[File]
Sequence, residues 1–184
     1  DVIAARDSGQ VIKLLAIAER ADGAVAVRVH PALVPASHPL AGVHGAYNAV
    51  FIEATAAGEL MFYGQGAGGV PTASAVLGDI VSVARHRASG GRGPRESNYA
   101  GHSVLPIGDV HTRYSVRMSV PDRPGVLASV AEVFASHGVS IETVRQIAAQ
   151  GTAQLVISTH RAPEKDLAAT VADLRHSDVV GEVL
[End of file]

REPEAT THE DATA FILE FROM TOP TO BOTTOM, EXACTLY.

Sequence, residues 1–184
     1  DVIAARDSGQ VIKLLAIAER ADGAVAVRVH PALVPASHPL AGVHGAYNAV
    51  FIEATAAGEL MFYGQGAGGV PTASAVLGDI VSVARHRASG GRGPRESNYA
   101  GHSVLPIGDV HTRYSVRMSV PDRPGVLASV AEVFASHGVS IETVRQIAAQ
   151  GTAQLVISTH RAPEKDLAAT VADLRHSDVV GEVL